Neil Young requests Spotify remove his music after artist’s ultimatum over Joe Rogan podcast

Neil Young performs in concert during Farm Aid 34 at Alpine Valley Music Theatre on September 21, 2019 in East Troy, Wisconsin. (Photo by Gary Miller/Getty Images)

Spotify is currently in the process of removing all of Neil Young’s music from its platform after the rock singer gave the company an ultimatum to "deal with the vaccine misinformation coming from Joe Rogan’s podcast," or lose his music. 

Rolling Stone Magazine and The Hollywood Reporter reported on Wednesday that Spotify was working to remove Young’s entire catalog of music from its platform following a letter published and then taken down by the Canadian folk and rock legend.

Rolling Stone, which first reported on Young’s letter Monday, reported that the post has since been deleted. Young reportedly wrote in the letter that he wants Spotify to "know immediately TODAY that I want all my music off their platform."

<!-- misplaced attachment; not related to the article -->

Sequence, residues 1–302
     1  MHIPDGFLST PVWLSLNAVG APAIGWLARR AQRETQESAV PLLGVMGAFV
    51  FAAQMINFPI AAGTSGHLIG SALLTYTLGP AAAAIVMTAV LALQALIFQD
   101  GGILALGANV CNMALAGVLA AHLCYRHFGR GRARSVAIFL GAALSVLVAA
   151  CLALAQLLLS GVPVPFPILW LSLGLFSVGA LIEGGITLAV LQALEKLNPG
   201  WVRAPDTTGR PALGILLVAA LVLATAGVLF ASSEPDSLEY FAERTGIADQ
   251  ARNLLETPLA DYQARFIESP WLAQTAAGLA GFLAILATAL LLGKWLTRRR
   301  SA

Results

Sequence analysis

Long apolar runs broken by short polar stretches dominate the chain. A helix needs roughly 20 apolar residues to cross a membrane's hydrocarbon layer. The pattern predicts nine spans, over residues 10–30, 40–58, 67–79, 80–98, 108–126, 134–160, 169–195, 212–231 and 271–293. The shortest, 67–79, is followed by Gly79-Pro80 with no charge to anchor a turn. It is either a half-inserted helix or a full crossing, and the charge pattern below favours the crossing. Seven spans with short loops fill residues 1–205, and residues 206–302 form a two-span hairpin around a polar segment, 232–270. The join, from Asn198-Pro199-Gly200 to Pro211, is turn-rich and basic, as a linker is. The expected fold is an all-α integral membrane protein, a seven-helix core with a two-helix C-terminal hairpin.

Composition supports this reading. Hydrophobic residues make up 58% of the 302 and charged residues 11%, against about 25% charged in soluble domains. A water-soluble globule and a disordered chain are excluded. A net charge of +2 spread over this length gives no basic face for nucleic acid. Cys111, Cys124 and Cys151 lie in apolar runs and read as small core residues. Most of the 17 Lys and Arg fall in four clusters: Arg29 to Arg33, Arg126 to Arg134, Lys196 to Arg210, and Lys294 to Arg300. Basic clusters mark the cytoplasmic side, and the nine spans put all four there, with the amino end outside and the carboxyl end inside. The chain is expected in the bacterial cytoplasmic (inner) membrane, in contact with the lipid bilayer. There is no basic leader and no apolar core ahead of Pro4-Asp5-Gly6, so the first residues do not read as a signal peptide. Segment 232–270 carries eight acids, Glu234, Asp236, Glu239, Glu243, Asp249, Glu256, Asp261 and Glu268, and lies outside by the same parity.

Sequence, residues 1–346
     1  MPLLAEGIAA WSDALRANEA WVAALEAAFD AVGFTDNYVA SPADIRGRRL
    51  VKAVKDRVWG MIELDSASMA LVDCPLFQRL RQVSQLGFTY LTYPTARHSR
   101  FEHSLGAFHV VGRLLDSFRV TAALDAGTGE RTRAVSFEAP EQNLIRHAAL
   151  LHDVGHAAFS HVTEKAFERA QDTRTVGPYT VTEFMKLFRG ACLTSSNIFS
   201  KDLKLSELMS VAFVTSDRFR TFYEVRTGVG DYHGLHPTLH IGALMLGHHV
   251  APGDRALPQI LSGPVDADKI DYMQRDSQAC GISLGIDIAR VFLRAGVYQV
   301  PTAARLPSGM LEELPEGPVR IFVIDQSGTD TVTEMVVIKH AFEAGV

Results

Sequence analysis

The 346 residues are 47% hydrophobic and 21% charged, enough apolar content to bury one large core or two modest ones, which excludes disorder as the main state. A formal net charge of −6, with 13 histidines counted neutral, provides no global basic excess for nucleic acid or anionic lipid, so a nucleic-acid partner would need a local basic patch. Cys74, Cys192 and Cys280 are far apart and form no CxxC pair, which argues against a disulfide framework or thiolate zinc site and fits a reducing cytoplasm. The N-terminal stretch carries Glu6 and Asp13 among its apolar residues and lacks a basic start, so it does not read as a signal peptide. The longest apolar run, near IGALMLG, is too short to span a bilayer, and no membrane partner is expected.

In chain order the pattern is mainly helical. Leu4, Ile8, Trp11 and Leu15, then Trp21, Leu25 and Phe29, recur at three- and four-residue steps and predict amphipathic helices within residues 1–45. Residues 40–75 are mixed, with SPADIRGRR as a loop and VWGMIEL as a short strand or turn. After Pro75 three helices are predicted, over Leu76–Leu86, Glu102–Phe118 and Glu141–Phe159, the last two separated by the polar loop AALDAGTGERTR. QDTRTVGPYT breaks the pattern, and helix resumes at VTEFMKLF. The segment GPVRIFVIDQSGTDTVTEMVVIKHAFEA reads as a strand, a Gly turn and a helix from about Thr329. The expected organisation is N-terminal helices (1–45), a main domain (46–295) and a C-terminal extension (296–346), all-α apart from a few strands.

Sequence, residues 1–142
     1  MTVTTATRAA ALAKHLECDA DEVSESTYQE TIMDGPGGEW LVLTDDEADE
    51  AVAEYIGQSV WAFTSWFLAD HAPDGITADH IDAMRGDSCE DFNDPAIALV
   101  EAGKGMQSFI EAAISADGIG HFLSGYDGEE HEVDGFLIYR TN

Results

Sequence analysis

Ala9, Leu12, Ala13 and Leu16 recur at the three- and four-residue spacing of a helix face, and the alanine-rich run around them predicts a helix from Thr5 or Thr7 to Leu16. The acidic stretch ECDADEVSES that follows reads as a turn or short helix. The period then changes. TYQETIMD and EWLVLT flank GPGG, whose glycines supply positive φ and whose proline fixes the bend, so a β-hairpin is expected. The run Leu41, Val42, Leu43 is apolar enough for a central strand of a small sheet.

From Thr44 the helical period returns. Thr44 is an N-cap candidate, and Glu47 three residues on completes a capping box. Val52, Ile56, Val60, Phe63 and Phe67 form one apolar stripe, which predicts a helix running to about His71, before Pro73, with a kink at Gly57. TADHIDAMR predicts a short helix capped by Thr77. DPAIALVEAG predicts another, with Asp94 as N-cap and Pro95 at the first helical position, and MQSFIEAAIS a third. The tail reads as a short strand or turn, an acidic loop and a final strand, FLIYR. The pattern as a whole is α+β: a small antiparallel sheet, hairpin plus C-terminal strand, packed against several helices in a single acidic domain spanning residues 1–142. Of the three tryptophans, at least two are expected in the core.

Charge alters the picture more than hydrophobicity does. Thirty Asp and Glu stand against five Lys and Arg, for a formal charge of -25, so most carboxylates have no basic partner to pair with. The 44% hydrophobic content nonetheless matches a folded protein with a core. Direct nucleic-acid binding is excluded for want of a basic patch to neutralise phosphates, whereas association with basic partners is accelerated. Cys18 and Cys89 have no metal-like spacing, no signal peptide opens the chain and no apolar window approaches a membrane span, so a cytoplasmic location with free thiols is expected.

"They can have [Joe] Rogan or Young," he reportedly posted. "Not both."

Young wrote that Spotify has a "responsibility to mitigate the spread of misinformation on its platform, though the company presently has no misinformation policy."

RELATED: 270 medical experts write open letter to Spotify calling out Joe Rogan’s ‘harmful’ COVID-19 misinformation

Rogan, whose wildly successful show is exclusive to Spotify, has become a target of the liberal media over the course of the pandemic. 

Last week, a group of advocates, professors, scientists and medical professionals signed an open letter that asked Spotify to "take action against mass-misinformation events" on its platform after the "Joe Rogan Experience" (JRE) podcast irked the group with a "highly controversial episode" interview with Dr. Robert Malone.

It was initially reported by several outlets that "270 doctors" signed the open letter to Spotify, but it has since been discovered that many signees are not medical doctors.

Rolling Stone pointed out that several years ago Young removed most of his music from Spotify because he thought the sound quality was lacking. The magazine said he "ultimately relented."

Fox Business contributed to this story.